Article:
Two major projects are potentially in store for the South Shore Line system, totaling approximately $905 million. Referred to as the “West Lake Corridor” and “Doubletrack NWI”, this project combination is expected to improve traffic congestion, travel times, safety, etc.
West Lake Corridor
The $290 million Doubletrack NWI Project proposes to expand the South Shore Line from a single track to double tracks between Gary and Michigan City, Indiana. A major component of the project would include moving the street-running tracks in Michigan City, making the area significantly safer due to trains no longer traveling in the same roadway as drivers. Additionally, there would be improvements to five passenger stations. Benefits of this project would include faster travel times, more trains operating (specifically during rush hour), and increased safety.
The $615 million West Lake Corridor Project would be an 8-mile southern branch extension of the existing South Shore Line between Dyer and Hammond, Indiana. The overall goal of the extension is to create easier access to high-growth areas in Lake County. Benefits of the project would include faster, less expensive, and more reliable access to higher-paying jobs in the Chicago area, relief of existing and anticipated traffic congestion, reduction of vehicular emissions, and more. For a detailed breakdown of the project, check out the project factsheet.
U.S. Steel has planned to invest over $50 million in its Gary Works steel mill this year as it seeks to make operations more efficient to capitalize off higher steel prices. The company already invested $23 million into restoring hot strip mills at Gary Works, and an additional $33 million worth of improvements are on the way.
$23 million toward restoring hot strip mills
$26 million toward improving reliability of the #6 blast furnace
$6 million toward the “Casters A Line Turret Bearing”
$1 million toward the 84” Pickle Waste Liquor Line
A $19.5 million upgrade is planned for the Port of Indiana – Burns Harbor. The expansion would include a new cargo terminal, 4.4 miles of rail, two new rail yards, additional usable dock space, a truck marshaling yard, extension of a retailing wall, and repaving of a dock apron. These investments will allow the port to increase its multimodal freight-handling capabilities to meet anticipated demand. "Indiana has one of the premier inland ports systems in North America. This project will increase our state's ability to attract and grow multimodal business in Northwest Indiana," said Indiana Governor Eric Holcomb.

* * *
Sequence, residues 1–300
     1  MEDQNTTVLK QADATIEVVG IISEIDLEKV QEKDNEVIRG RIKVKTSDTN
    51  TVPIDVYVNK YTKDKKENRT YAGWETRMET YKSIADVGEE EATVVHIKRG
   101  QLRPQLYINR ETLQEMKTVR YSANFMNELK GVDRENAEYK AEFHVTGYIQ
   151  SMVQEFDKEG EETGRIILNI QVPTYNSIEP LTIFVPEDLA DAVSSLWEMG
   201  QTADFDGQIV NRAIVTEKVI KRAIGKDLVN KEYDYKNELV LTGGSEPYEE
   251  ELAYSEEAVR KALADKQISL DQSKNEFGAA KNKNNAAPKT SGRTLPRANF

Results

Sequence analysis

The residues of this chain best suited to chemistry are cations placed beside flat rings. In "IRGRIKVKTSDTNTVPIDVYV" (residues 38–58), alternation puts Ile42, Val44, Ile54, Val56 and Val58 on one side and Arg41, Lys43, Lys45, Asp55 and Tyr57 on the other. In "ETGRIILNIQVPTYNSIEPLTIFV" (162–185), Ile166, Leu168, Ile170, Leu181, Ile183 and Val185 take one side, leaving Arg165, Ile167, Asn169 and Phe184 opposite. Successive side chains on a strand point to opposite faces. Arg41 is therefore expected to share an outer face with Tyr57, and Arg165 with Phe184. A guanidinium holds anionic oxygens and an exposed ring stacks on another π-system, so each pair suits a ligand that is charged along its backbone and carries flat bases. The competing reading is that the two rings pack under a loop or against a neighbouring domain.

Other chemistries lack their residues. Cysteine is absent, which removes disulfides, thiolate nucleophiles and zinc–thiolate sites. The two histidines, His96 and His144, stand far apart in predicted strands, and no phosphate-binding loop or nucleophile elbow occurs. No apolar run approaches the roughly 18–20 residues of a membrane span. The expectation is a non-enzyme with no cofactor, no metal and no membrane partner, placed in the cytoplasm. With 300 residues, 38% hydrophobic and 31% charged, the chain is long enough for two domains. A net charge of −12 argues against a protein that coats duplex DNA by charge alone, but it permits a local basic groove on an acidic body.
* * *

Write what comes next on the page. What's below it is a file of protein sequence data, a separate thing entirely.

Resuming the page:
Centennial Village is part of a dramatic remake planned for the intersection of Calumet Avenue and East 45th Street in Munster. Various components are planned for the village, including four restaurants and two multi-story mixed-use buildings with ground floor commercial space, three levels of condominiums and underground residence parking. A Spring Hill Suites by Marriott is currently under construction on the site, as well. The entire project is expected to take 7 years.
This new four-story multi-use hospital will specialize in care and rehabilitation for stroke patients. The first and second floors will house emergency care, imaging and physical therapy facilities, physician offices, outpatient clinics and a women’s care center. The remaining floors will house inpatient care and neurological rehabilitation. The new hospital will be a member of the Community Healthcare System that includes Community Hospital in Munster, St. Catherine Hospital in East Chicago and St. Mary Medical Center in Hobart. A completion date has not yet been set.
For additional insight, check out our Northwest Indiana Market Study.
Indianapolis sets the tone for overall developmental happenings in the Midwest. Below we've highlighted five of the largest, most impactful projects happening in the Indiana capital. For information regarding additional projects in the Indianapolis area, check out our 2017 Central Indiana Market Study!
This $260 million development proposed by Hendricks Commercial Properties will feature a 136-room West Elm hotel, an eight-screen cinema, office and retail space, and apartments and condominiums – totaling approximately 1.2 million square feet. The project has been dubbed "Bottleworks" in reference to the former Coca-Cola bottling plant on the site. It's expected to take five to 10 years to complete and will be constructed in five phases, with Hendricks tackling the hotel first. The latest news on this project can be found here.